Preventing tool theft starts with putting proactive steps in place—protocols for how tools are stored, checked out and checked back in again, as well as ensuring your tool storage is secure and monitored. Leaving tools out and unattended makes it easy for them to wander off with employees or outside criminals.
Be sure to keep documentation for all tools and equipment to help provide proof for insurance. ProToolReviews also suggests engraving your tools with your company’s information, as well as painting tools a bright color to help them stand out if they’re in the wrong hands or out of place.
A growing number of tool management and tracking programs are available. For example, Milwaukee’s One-Key offers cloud-based tool management, providing easy access to view the whereabouts of tools and small equipment. Rooster asset trackers provide GPS tracking along with activity reports for cost comparisons and analysis.
Equipment management and tracking
For trucks, some fleet software systems offer GPS tracking in addition to providing data for management of safety, fuel efficiency and more.
Similar systems are available specifically for heavy equipment. Tenna, for example, offers a unified asset tracking system to manage a blended fleet of equipment, vehicles, tools and consumables. This includes asset management, maintenance, scheduling and more, along with asset tracking.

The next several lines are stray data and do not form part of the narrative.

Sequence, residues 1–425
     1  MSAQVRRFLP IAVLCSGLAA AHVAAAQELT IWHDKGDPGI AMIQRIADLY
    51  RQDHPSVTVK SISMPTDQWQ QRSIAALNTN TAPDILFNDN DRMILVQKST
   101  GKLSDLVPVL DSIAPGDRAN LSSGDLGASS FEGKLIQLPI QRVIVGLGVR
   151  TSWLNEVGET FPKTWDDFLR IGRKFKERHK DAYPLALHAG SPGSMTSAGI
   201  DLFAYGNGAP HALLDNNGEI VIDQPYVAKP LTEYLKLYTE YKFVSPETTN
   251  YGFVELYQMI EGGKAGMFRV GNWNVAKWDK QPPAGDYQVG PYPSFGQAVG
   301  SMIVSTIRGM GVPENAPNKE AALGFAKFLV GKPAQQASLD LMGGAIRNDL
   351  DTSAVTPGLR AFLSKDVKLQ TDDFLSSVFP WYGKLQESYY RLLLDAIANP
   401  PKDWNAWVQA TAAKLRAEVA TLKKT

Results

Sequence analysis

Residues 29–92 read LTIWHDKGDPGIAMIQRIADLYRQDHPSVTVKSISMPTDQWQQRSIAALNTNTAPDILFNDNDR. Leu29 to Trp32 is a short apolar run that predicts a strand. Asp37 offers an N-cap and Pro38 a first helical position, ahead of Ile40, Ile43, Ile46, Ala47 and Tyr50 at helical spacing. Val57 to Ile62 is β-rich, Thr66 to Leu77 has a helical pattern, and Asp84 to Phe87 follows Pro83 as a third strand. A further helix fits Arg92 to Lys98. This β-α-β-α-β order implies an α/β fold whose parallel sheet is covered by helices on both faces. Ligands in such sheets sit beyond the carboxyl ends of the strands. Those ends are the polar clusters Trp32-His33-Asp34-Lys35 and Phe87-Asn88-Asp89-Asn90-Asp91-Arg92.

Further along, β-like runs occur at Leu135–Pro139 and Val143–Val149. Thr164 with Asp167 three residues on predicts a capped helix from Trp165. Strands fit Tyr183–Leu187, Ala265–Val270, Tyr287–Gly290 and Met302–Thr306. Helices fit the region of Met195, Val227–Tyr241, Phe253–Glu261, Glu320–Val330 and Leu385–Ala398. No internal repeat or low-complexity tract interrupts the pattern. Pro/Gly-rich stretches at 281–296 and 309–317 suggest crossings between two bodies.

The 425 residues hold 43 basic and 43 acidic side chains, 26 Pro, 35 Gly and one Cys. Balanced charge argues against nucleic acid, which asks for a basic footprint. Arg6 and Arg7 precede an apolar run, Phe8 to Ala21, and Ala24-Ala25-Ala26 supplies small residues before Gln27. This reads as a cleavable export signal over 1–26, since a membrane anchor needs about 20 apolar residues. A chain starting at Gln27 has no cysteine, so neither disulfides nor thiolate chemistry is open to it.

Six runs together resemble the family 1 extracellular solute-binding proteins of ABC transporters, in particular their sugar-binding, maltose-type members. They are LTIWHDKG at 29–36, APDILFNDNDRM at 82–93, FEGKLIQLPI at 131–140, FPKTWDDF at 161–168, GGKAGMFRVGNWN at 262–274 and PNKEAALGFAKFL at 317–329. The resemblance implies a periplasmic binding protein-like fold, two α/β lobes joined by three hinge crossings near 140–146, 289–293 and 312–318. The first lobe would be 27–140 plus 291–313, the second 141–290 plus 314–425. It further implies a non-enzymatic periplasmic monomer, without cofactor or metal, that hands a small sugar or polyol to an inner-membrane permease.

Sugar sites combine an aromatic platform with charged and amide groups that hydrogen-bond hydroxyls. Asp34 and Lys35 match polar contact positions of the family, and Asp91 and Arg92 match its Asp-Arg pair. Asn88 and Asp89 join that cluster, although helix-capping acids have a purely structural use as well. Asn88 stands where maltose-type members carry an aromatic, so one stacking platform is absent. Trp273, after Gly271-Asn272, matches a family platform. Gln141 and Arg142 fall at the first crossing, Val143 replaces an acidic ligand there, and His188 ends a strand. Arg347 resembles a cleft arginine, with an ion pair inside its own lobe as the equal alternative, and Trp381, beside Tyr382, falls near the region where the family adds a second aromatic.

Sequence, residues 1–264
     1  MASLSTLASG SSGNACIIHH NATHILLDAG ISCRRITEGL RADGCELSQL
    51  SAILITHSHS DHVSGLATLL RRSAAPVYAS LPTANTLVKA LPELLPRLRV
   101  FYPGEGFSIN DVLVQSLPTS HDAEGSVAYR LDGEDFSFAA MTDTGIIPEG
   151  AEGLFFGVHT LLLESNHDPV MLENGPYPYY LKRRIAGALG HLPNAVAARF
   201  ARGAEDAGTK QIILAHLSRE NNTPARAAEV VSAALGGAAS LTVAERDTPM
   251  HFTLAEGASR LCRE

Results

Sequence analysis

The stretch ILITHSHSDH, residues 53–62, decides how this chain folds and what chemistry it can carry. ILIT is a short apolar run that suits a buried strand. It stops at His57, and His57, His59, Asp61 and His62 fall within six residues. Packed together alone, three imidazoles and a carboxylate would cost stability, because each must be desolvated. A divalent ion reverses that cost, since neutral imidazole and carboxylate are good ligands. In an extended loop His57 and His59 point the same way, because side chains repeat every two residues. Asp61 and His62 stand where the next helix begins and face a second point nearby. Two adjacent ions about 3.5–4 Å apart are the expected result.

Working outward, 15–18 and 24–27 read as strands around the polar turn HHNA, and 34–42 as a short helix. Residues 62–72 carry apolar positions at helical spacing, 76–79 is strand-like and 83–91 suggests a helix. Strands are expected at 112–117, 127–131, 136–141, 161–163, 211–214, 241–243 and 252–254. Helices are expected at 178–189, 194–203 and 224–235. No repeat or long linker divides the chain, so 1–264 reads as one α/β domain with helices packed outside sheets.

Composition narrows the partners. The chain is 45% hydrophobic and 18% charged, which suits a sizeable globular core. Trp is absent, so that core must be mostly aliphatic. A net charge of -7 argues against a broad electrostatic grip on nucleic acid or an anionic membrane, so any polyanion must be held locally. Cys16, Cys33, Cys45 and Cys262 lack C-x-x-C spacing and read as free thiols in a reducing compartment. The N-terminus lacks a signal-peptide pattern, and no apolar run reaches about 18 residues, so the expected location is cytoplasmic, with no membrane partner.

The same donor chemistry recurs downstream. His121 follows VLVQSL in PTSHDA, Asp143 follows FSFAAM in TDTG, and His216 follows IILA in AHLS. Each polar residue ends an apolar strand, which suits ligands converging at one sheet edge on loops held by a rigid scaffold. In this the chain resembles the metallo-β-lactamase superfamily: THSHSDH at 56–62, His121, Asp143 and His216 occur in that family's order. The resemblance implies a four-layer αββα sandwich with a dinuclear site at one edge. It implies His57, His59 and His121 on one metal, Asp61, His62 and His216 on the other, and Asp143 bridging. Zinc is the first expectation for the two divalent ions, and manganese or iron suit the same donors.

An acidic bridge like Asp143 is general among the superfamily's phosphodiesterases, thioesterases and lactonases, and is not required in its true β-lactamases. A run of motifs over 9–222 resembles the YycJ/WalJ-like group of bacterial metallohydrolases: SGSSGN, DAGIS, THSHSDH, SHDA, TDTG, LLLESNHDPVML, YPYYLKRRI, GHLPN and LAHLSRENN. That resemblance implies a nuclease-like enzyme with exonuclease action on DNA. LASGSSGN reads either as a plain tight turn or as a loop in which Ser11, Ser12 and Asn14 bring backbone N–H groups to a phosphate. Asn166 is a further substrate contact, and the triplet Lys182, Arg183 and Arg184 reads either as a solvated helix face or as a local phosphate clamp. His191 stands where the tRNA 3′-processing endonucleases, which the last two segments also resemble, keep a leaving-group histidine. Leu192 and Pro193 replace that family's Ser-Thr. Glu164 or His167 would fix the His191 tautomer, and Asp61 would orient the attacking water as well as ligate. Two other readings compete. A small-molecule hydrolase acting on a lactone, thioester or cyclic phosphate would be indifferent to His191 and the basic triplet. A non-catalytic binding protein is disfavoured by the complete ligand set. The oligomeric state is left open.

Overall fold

National Equipment Register’s IRONwatch is a GPS location device that provides location data every eight hours; if activated, it pings consistently. Fleet Complete’s suite of solutions includes a GPS asset tracker for heavy equipment, with 24/7 monitoring and alerts for unauthorized activity.
DeWalt’s MobileLock device can be mounted on storage lockers, heavy equipment and other mobile assets to provide an alarm and GPS tracking.
Fencing and other strategies
Of course, thieves who can’t get onto your site can’t steal from you, which is where fencing and other barriers play a role when possible. As just one example, Amarok offers electric fencing designed for use on construction sites, including portable electric fencing options for projects where the perimeter changes as work progresses.
National Equipment Register offers a number of tips and strategies for helping keep your equipment safe. Here are some suggestions they advise considering:
- A high number of false alarms could mean thieves are testing your responsiveness. NER recommends watching for vehicles casing the property.
- Test cameras both during the day and at night to ensure the images you’re getting are usable.
- Check your fences for tampering to ensure they provide a complete barrier.
- Store light or highly targeted equipment in service bays or more secure areas of the site.
- Don’t store machines and trucks in areas that provide cover for thieves.
- Designate someone to check the facility at different times during a holiday.
NER sends out crime reports for major holidays, which are common times for jobsites to be empty and most vulnerable. For example, in its July 4 report for 2022, the company noted that 320 thefts, valued at more than $7 million, were reported around the holiday over the past five years.
“The July 4th holiday is usually one of the most active periods for equipment theft nationwide, with the high demand for equipment in the summer months,” the report explained. “All areas should consider equipment theft to be a threat just before and over the holiday.”
Whether a holiday or any other day of the year, theft remains one of the biggest challenges for construction project owners. Taking proactive steps, implementing employee protocols and making investments in security equipment can pay off in the long run while providing essential peace of mind.